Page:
IT failure: an industry shame

Published on the 14/09/2012 | Written by iStart


IT projects

With around half of all IT projects fail to deliver on expectations it’s safe to say that there’s something seriously wrong with the way IT projects are being both planned and executed. iStart cornered Simpl founder and CEO Bennett Medary to find out just what’s behind such a dire statistic…

iStart: What’s the difference between success and failure when it comes to IT projects?

Medary: First of all you need to look at success in terms of the business outcomes as opposed to the technical ones.

One of the biggest differences in IT governance and IT projects is around being very clear on what success looks like in business terms. You have to ask: what’s different about how the company will be doing business? What will be different about the results? What will be different about how people work? About how the business engages with its customers? You have to consistently drive the project at that business level and not allow it to become a technology project, unless it truly is technical.

In other words, you need to be very, very clear about what the project is trying to deliver. You can’t allow the project to run off into its own world and forget about its real mission and purpose. One of the big things that goes wrong with corporate and government projects is that once the business makes a commitment to go ahead with an IT project, they then go into procurement mode. Once they go into procurement mode the business takes a back seat and procurement takes over.

Procurement people have a very different specialisation, that’s not about using technology, it’s about buying ‘stuff’ well and contracting powerfully. It’s about risk management and best price and sometimes that culture then becomes enshrined in the contract and takes over how it is set up and run. The project then gets into a contract management/ contract fulfilment mode, rather than a success pursuit mode.

One of the biggest failings in IT projects is poor governance and that starts with the wrong people leading the project. If you’ve got a rigid, contract-led, legally-led, risk-managed, audit-led, procurement-led type of governance structure, then you deny yourself the opportunity do what actually makes sense, once you discover what that actually is.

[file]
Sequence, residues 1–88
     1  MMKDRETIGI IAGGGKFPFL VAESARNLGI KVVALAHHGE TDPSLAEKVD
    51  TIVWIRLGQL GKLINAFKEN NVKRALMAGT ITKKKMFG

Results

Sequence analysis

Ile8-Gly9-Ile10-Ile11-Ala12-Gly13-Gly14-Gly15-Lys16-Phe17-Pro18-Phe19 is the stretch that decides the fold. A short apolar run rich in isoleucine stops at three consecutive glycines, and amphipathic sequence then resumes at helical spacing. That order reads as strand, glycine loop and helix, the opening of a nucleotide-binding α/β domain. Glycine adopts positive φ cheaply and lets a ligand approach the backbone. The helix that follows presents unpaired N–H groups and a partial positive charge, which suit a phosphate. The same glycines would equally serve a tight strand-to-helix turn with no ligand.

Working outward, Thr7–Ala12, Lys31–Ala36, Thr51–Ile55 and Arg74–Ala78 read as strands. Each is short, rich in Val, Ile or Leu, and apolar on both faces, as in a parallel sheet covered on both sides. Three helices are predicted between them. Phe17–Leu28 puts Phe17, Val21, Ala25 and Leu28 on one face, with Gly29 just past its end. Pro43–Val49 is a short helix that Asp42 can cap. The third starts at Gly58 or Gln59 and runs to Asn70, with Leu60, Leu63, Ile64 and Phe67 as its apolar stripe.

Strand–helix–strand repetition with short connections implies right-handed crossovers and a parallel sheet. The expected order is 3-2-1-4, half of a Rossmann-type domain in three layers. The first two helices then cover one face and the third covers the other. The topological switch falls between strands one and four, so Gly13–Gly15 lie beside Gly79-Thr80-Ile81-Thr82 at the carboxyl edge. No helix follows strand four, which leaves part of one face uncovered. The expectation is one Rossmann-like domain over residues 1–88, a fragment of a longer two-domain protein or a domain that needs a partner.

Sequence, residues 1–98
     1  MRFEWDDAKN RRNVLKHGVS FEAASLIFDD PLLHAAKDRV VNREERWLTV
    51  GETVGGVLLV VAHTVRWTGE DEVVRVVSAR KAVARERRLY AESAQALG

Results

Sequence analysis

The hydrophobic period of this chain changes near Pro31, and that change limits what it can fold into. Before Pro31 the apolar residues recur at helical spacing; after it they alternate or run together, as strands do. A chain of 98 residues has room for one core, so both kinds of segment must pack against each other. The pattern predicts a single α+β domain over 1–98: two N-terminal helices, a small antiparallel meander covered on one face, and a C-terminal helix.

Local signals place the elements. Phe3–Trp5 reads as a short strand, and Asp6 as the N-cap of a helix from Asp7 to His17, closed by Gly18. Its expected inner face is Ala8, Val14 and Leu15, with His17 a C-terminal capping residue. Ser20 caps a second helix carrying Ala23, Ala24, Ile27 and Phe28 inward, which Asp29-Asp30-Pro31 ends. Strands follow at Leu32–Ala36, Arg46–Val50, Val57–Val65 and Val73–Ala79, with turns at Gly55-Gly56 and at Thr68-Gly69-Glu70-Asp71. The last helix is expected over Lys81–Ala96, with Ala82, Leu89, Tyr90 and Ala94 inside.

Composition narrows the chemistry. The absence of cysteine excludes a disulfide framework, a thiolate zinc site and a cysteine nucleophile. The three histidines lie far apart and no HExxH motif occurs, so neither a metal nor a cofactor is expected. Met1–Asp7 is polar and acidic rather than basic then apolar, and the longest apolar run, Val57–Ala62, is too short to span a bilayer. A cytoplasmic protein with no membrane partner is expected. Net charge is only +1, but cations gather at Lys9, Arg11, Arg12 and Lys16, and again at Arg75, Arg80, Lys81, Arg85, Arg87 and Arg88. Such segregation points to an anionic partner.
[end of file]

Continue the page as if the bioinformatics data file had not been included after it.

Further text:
Another lost opportunity is when you go into procurement mode and there’s a blocking of engagement with the vendor community and supply-side that have IP and knowledge about the solution possibilities, about different ways you can do it, about governance and management and how to create a successful project. All those things are blocked off, all that interaction is limited and squelched in order to protect procurement and to protect probity. And it’s not necessary. You can have transparency and openness and probity, but also maximum engagement and encouragement of ideas, so that you have the best chance of choosing the right thing to do and then setting it up to be done well. Often we block that exchange of knowledge in the procurement process and that’s a shame.

Is there just too much risk in IT projects? How does one minimise this risk?

I think sometimes the way we go about IT projects creates unnecessary risks. For example, if you’re going for a monolithic $100 million project in one big bang, as opposed to doing it in bite-size chunks of $100,000 or a million each, those are two different risks. It’s not the technology that’s creating the risk, it’s how were going about the project and how we’re setting it up, how we’re undertaking it that creates the risk.